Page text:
I remember having my 1st journalistic experience when I was 15. I shadowed a national newspaper writer called Neil Moxley (who still writes for the Daily Mail today). That certainly sparked an interest in the industry but I wasn't sure how to approach it. I hadn't put that much thought process into commentating or broadcasting at the time. I knew it was something i'd always wanted to do, but the question was "where on earth do I start?". I was enjoying coaching on a Saturday morning, occasionally 2 close friends and I would also help out on a Tuesday night for extra sessions as well. Then of course it was an extra 10 quid for the week which always helped. It was 2006, I was 16, enjoying my school life for the 1st time in years, coaching well and learning, plus at times earning a little money in the week. Then 1 evening I had a conversation with my Mum and Dad who had a good friend that worked at the local radio station in Birmingham called 'BRMB'. Dad thought it'd be a good idea for me to go in to their studio's for a day to see what its all about and he was able to swing this through his mate Andy Davis, at the time the graphics designer at BRMB.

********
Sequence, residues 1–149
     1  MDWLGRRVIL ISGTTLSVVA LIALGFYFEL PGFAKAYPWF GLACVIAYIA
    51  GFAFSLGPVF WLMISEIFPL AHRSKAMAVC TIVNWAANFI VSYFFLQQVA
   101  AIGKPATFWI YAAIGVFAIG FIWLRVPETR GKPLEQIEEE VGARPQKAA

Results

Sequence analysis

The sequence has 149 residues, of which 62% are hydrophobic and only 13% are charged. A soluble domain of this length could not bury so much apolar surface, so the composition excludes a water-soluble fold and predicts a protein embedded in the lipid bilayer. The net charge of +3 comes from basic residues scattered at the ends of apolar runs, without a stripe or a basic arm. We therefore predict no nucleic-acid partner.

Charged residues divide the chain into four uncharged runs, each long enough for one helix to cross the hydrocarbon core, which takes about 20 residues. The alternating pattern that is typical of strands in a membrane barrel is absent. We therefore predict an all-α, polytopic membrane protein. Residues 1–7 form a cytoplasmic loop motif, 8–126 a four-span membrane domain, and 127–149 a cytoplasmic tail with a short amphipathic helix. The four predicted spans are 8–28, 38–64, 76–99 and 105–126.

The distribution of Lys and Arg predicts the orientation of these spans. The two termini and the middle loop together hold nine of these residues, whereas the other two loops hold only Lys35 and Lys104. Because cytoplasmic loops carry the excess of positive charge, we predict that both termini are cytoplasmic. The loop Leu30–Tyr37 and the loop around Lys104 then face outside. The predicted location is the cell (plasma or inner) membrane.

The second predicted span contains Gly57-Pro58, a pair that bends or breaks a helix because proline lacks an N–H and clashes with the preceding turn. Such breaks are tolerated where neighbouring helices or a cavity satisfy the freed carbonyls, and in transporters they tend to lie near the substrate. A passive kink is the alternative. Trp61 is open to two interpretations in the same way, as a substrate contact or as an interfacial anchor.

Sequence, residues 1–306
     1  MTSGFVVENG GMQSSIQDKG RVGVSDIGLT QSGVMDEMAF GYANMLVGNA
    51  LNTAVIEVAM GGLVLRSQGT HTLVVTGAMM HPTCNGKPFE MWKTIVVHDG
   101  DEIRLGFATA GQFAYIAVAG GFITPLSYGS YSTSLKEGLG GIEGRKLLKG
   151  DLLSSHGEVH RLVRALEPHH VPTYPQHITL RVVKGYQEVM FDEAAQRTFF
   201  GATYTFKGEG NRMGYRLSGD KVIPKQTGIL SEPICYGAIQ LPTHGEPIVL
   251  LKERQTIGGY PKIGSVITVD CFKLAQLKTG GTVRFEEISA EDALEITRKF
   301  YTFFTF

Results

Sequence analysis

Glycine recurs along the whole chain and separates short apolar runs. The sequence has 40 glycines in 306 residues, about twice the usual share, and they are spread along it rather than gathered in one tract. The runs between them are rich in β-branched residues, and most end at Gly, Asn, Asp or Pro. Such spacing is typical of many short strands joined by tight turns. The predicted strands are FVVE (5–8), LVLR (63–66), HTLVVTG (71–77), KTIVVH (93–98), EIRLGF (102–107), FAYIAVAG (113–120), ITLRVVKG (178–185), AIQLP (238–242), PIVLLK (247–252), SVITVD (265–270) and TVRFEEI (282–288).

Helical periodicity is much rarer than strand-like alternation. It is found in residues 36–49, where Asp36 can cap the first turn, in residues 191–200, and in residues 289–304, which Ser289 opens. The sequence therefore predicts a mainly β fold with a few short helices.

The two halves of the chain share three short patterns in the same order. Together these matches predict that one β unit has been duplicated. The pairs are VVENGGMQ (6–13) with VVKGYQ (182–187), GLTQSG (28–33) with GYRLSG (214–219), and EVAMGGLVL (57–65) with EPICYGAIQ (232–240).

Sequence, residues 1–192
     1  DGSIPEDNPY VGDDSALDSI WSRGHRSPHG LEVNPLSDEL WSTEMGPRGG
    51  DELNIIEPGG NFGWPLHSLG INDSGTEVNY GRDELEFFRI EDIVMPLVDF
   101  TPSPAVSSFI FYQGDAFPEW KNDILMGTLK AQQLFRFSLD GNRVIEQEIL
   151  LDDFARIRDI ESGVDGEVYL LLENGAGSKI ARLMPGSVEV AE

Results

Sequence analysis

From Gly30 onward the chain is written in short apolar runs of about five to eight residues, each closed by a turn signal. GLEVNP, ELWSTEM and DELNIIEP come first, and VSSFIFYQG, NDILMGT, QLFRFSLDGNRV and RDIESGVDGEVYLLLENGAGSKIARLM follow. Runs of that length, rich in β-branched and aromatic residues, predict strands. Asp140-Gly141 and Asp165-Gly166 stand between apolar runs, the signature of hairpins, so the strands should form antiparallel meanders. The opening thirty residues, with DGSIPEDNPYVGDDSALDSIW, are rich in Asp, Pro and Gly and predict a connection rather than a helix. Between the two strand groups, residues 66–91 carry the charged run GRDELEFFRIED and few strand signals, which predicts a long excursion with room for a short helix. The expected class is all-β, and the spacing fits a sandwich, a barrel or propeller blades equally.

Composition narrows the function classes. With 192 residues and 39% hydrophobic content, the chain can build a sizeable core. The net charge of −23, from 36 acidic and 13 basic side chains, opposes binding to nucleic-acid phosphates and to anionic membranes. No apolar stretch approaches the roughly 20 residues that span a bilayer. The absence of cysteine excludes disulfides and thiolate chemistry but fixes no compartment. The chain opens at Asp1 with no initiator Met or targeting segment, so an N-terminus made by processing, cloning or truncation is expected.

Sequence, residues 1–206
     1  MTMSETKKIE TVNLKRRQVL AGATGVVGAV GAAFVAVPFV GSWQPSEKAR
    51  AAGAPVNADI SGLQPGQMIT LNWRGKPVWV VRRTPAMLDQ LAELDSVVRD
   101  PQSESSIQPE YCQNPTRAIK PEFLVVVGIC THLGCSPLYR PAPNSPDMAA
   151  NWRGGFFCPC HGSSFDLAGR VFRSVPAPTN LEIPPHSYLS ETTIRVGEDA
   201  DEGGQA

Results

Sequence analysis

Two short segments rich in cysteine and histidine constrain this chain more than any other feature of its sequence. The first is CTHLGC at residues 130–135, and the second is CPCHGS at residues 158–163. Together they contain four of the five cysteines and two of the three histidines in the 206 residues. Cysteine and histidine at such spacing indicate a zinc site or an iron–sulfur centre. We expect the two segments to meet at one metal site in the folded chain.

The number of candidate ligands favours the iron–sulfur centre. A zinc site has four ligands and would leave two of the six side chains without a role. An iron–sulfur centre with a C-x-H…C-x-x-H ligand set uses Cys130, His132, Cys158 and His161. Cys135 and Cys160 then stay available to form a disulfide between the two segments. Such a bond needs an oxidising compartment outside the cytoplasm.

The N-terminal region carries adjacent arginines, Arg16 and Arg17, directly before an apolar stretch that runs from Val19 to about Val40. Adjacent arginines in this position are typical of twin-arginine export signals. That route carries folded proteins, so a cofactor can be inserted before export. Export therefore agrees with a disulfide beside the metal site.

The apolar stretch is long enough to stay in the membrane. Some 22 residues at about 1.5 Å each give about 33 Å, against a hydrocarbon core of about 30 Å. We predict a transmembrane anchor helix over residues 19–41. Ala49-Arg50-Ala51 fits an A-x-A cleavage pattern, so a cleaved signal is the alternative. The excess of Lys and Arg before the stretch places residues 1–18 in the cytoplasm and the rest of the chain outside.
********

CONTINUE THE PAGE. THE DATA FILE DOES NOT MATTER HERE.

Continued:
BRMB's studio's on Broad St,
downtown Birmingham